A Lamp For My Feet

Amy Zacaroli

Leaving the Nest

I am not the overdramatic type. I am steady and smooth, most of the time.
Only sometimes can I be like Miranda Lambert trying to hide her crazy after a breakup.
I take things in stride. My kids get fevers… I wait a few days before taking them to the doctor. This is good for their bodies to fight whatever infection is inside them. It is better in the long run for them to fight the infection inside them than for me to take away their immediate pain with Tylenol or antibiotics. I do not hover and do their homework for them. I may make sure they get it done, even though I may not be pleased with the outcome. They know my opinions, but they do their own work. I do not worry that a large mole on my daughter’s leg is cancerous, but we get it removed anyway. I do not relive every dream I never achieved as a child through my very talented gymnast daughter. I drop her off at the gym and pick her up 5 hours later. I attend her meets, but don’t get nervous for her. She’s nervous enough without a crazy mom. My son plays baseball but I don’t kiss up to the coaches to make sure he plays every inning. He can earn his own space on the playing field.
I let them out of my sight… but I know where they are… most of the time.
I do, however, get emotional at cotton commercials. I laugh out loud obnoxious at the Mom song on YouTube. I cry during grace at dinner. I pray for each of my kids earnestly in the hard times. At home I scream. I rant. I hug. I beg for affection from the one who does not hand out hugs so easily.
My oldest is going off to college in 13 days. In some ways, I can’t wait. He has become the one who gets up late, after my day is half over, who wants to talk late at night when I’m spent and want to sleep. His room is messy. His bathroom is less than clean.
We are driving to the beach tomorrow for one last week together as a whole family before he heads off to college. We are getting up early. We are packing tonight. Laundry has been going all day… and his is last in line. He slept all afternoon instead of packing and laundry and doing his chores. After dinner he asks to go out with his friends.
I hit the roof.

His first day of Kindergarten he was so nervous that he vomited up his breakfast. He thought he was sick and couldn’t go to school. I did not keep him home. We walked to school with my best friend and her oldest daughter who was also going to her first day of kindergarten. We held it together as we waved goodbye to the little bodies with their oversize backpacks and clean new sneakers. first day of first gradeWe held it together on the walk home pushing the babies in the stroller, pretending like it was any ordinary walk home. It wasn’t until I got in the house and my retired neighbor called and asked how the first day of school went that I completely lost it… I cried like a baby sending my oldest off to Kindergarten.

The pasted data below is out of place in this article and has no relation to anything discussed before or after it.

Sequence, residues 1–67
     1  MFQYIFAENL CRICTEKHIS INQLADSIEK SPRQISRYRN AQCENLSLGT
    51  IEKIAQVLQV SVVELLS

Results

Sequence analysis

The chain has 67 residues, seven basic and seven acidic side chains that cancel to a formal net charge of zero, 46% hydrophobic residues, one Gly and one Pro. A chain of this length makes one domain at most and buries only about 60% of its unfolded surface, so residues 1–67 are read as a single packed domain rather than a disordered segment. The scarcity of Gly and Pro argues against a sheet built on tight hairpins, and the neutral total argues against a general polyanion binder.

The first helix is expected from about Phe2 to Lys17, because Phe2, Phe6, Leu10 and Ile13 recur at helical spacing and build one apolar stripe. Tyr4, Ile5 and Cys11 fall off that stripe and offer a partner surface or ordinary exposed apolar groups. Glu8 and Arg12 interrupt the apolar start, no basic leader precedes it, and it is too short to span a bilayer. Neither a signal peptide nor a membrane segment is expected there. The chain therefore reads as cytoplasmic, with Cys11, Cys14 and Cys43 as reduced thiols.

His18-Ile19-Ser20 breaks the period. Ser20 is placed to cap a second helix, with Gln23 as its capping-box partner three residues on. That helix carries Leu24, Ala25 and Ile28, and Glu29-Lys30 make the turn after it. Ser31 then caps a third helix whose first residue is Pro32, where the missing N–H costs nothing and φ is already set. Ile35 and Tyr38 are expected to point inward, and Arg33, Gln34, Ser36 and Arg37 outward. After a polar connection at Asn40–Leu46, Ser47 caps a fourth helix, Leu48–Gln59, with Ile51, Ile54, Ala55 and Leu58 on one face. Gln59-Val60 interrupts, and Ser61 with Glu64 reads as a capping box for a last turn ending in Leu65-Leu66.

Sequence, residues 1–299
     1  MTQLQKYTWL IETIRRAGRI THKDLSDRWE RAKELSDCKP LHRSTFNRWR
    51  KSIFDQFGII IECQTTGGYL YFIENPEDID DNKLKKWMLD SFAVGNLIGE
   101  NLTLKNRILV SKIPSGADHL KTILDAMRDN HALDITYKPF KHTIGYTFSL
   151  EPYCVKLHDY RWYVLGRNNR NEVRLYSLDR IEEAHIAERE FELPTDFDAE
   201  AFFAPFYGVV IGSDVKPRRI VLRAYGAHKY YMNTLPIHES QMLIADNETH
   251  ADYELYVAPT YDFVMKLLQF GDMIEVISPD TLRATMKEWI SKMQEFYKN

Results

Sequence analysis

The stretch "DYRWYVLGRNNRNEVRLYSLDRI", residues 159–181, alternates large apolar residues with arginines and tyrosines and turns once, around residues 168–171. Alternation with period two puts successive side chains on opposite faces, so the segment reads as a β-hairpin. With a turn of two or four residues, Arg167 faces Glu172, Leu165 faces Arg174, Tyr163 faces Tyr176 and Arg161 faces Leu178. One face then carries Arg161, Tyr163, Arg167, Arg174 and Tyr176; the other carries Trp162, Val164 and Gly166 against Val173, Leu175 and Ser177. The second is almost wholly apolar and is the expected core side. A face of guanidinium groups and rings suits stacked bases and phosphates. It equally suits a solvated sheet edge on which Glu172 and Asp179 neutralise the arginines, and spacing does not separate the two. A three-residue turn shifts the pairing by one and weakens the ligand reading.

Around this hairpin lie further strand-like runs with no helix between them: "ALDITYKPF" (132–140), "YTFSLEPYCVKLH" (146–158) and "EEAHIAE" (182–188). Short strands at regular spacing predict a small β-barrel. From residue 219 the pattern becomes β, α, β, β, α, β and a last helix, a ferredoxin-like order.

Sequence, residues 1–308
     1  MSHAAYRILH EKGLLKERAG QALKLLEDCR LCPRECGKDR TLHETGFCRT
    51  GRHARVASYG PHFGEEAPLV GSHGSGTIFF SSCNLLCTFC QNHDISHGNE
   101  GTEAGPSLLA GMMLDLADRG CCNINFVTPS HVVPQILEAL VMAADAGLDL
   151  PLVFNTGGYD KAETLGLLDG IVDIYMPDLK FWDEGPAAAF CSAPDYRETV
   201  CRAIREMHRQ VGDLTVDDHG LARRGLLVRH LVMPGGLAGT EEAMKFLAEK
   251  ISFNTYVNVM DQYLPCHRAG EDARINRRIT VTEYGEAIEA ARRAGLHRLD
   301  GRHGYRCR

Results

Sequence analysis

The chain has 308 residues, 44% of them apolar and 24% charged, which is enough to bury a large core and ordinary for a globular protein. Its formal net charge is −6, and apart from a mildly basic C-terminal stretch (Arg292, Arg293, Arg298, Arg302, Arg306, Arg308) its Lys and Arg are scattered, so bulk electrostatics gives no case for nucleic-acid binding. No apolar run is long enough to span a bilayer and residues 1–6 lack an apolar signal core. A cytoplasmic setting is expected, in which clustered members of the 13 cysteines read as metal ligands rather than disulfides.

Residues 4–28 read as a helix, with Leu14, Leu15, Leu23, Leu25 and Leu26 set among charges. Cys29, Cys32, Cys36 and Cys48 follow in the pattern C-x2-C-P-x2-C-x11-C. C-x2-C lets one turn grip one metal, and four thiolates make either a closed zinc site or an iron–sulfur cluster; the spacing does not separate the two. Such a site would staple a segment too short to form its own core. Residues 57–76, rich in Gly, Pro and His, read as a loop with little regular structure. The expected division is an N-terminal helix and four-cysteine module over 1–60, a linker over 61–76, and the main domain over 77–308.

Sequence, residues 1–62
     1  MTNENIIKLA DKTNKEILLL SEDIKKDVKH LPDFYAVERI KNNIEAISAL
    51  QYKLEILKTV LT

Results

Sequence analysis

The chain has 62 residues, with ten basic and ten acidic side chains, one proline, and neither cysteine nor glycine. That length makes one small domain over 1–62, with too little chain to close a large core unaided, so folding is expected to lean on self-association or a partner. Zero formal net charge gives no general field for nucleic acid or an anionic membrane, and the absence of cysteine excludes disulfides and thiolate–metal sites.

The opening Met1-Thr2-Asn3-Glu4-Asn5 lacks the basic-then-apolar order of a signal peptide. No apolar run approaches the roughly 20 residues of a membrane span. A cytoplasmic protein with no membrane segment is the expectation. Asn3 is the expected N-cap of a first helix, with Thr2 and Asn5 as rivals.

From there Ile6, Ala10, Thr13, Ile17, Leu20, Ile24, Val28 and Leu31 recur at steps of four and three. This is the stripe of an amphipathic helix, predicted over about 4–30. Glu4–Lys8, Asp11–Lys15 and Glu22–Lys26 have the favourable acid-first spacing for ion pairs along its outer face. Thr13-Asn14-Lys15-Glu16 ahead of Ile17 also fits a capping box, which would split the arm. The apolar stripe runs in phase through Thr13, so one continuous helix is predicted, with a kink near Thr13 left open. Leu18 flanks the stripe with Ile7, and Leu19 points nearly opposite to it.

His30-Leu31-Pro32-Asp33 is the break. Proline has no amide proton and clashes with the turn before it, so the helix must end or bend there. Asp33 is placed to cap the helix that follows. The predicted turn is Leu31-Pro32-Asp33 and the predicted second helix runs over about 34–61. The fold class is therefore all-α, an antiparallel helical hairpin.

But then three more babies came along – I am sure I cried when my second one went. Really don’t remember the third. By the time the fourth one got on the bus, I was skipping joyfully home to at last breathe my own oxygen for the first time in a decade.
So I’ve been breathing my own air now… a little at a time. More so when he goes off to the university he’s dreamed about since he was in elementary school. I am so proud of him. He worked hard in high school. He had fun – he played in the band, he marched at football games we all attended. Every Friday night in autumn we had family night at the football field. In Spring all his little sisters cheered for him to take his turn at bat. He came home, did his homework, earned high grades, chose good friends, helped out around the house, never caused trouble. Got up for church every Sunday.